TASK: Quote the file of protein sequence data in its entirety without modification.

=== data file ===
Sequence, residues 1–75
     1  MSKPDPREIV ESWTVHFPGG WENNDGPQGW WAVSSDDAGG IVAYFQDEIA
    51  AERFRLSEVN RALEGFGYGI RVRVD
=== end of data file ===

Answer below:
Sequence, residues 1–75
     1  MSKPDPREIV ESWTVHFPGG WENNDGPQGW WAVSSDDAGG IVAYFQDEIA
    51  AERFRLSEVN RALEGFGYGI RVRVD